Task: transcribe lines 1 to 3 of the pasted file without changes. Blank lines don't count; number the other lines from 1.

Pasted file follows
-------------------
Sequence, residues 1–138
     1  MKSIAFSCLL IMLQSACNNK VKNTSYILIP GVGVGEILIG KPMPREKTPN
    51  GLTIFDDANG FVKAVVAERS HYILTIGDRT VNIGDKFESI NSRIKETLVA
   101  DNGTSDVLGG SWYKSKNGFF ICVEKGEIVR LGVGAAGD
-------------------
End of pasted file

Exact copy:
Sequence, residues 1–138
     1  MKSIAFSCLL IMLQSACNNK VKNTSYILIP GVGVGEILIG KPMPREKTPN
    51  GLTIFDDANG FVKAVVAERS HYILTIGDRT VNIGDKFESI NSRIKETLVA